World Cup 2018: Iceland Coach Baulks At 'Miracle' Tag
Iceland coach described Saturday's Group D opener against Argentina as the biggest match in the history of the team.
Iceland face Argentina in Group D opener
Iceland coach has warned Argentina not to underestimate his team
Iceland had reached the quarter-finals of EURO 2016
Lionel Messi's Argentina will underestimate Iceland at their peril, coach Heimir Hallgrimsson warned on Friday, saying the minnows are ready to spring another surprise in Russia. Hallgrimsson described Saturday's Group D opener against the South Americans as the biggest match in the history of the team but said the players were calm and positive. He said the Icelanders, who famously dumped England out of Euro 2016 on their way to the quarter-finals, were primed for their first-ever World Cup match. "We've shown that if we work together as one unit, like we've been doing, then anything is achievable and it won't come as a shock," he said.
"If someone is surprised (by that) then they don't know much about Iceland football."
Iceland, with a population of only 330,000, is the smallest nation ever to reach the FIFA World Cup finals.
But Hallgrimsson bristled when questioned about how it felt to be part of such a fairytale, saying Iceland had earned the right to face two-time world champions Argentina at Moscow's Spartak stadium.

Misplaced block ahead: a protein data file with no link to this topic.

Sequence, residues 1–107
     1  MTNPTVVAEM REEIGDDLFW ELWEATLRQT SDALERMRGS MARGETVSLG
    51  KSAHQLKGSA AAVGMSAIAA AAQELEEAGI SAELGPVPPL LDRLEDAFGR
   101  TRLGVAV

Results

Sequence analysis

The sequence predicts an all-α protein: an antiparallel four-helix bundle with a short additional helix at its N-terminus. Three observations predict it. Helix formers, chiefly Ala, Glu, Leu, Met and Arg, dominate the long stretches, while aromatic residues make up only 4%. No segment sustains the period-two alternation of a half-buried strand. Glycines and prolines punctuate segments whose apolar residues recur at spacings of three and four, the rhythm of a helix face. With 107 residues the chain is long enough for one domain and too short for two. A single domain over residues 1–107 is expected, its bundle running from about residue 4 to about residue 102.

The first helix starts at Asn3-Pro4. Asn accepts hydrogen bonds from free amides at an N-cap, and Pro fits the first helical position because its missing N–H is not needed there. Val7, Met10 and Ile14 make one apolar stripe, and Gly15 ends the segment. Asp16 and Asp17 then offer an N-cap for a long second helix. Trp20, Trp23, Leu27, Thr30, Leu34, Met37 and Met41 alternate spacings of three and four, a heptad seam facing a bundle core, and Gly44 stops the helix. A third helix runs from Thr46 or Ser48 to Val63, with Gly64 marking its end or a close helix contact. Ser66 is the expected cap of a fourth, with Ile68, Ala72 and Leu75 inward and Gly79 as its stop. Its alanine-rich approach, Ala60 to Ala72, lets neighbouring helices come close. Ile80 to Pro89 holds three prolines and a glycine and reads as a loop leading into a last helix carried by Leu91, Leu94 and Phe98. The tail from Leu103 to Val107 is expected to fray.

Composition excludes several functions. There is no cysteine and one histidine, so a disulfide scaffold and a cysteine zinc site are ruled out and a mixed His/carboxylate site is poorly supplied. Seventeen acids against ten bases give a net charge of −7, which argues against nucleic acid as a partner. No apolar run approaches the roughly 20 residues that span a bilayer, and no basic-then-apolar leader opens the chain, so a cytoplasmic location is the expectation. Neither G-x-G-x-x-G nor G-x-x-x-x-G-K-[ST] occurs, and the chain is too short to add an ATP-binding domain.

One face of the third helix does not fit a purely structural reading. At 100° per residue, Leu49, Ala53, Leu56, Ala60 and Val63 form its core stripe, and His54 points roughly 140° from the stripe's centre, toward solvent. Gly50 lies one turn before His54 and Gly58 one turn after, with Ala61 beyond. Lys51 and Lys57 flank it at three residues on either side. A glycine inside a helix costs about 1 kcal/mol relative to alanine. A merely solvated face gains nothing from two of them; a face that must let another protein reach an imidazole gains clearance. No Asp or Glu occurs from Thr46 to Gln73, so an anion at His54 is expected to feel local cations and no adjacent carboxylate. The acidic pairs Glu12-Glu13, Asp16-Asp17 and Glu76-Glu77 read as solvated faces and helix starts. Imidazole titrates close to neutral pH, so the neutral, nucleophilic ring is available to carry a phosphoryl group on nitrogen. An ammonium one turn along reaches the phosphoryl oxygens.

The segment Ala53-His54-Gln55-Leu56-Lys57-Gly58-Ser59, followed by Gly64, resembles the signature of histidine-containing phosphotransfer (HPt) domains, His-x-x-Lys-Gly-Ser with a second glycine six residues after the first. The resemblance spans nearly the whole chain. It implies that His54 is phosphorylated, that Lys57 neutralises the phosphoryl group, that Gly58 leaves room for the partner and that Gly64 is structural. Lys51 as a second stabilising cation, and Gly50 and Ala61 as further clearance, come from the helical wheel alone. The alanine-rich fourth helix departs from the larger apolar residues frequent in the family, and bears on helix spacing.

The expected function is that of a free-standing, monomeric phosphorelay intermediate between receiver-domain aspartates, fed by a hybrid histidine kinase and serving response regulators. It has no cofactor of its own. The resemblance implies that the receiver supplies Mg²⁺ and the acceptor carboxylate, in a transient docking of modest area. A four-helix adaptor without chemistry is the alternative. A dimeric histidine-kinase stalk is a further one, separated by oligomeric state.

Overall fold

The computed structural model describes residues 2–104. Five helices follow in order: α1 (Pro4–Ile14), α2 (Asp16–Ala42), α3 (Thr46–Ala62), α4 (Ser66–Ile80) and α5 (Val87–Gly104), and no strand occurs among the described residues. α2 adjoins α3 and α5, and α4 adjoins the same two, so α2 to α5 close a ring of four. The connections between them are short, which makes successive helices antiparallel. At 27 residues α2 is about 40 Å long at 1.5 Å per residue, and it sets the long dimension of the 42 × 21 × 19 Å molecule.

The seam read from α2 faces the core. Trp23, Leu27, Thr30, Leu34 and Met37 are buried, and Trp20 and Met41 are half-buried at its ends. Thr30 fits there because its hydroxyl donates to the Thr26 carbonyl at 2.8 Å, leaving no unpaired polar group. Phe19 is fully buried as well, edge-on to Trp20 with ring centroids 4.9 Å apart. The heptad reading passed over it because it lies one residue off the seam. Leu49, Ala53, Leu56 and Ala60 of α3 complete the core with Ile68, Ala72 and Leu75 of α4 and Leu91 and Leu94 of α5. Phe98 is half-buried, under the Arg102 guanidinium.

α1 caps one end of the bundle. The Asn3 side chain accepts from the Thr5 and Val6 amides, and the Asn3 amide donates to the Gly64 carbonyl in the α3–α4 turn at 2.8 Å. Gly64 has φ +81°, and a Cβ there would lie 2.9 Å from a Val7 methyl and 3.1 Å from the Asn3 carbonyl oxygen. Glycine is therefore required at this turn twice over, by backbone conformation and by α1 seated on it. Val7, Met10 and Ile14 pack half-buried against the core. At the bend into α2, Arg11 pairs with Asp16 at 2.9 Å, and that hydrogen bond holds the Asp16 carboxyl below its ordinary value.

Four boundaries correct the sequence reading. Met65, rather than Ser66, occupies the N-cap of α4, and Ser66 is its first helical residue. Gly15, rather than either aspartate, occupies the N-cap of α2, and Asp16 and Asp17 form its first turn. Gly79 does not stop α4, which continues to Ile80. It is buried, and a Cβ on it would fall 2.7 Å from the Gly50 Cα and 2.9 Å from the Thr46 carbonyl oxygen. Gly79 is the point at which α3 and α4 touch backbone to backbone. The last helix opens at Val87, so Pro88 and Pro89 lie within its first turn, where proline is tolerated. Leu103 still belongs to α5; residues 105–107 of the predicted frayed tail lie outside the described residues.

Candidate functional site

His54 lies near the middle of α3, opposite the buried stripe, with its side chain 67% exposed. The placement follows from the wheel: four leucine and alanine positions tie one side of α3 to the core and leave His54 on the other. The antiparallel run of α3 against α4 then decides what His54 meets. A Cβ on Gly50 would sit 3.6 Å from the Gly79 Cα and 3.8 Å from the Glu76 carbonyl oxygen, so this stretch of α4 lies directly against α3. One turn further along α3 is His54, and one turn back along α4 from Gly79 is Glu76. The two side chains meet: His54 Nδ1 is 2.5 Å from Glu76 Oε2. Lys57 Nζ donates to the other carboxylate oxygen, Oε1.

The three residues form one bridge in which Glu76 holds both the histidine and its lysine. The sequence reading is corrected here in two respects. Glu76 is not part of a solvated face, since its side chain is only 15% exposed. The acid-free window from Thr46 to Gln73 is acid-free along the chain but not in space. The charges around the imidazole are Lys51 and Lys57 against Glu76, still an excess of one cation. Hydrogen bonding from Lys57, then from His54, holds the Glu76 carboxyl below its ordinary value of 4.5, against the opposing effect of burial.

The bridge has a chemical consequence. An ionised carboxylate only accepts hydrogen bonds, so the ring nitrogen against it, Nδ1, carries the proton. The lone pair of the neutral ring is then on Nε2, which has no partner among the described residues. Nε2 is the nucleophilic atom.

"I don't agree it was a miracle we've come so far," he said. "We're 22nd in the FIFA rankings and won our group in qualifying. We deserve to be here."
Iceland are in one of the tournament's toughest groups, featuring Croatia and Nigeria, as well as Messi's Argentina.
Hallgrimsson said his players' experience of Euro 2016 in France would help settle any nerves.
'Nothing to lose'
"When we went to France we didn't really know what we were getting into," he said of the campaign, in which Iceland beat England and Austria in addition to drawing with Cristiano Ronaldo's Portugal.
"We were full of adrenaline in everything we did. Now hopefully we can use that experience at the World Cup."
Iceland captain Aron Gunnarsson said the weight of expectation going into the match was squarely on Argentina, leaving his team comparatively stress-free.
"It's a strong team we're meeting tomorrow but our staff have done their analysis," he said.
"We feel we're ready for this. It'll be a difficult game but we don't have a lot of pressure on us. We have nothing to lose, we feel good."
Quizzed on how Iceland would handle five-time world player of the year Messi, Hallgrimsson cited his team's all-for-one ethos.
"I don't have any magic formula. Everyone's tried everything against him and he always manages to score," he said. "He's one of the best players in the world.
"We'll do it like we do everything, we'll work together as a team. It's unfair to give one player the role of marking Messi."
But he said it would be a mistake to concentrate solely on the Barcelona maestro as Argentina had multiple players capable of taking control of a game.
"Iceland could go out and play the best game of our lives and still lose against a fantastic team like Argentina," he said.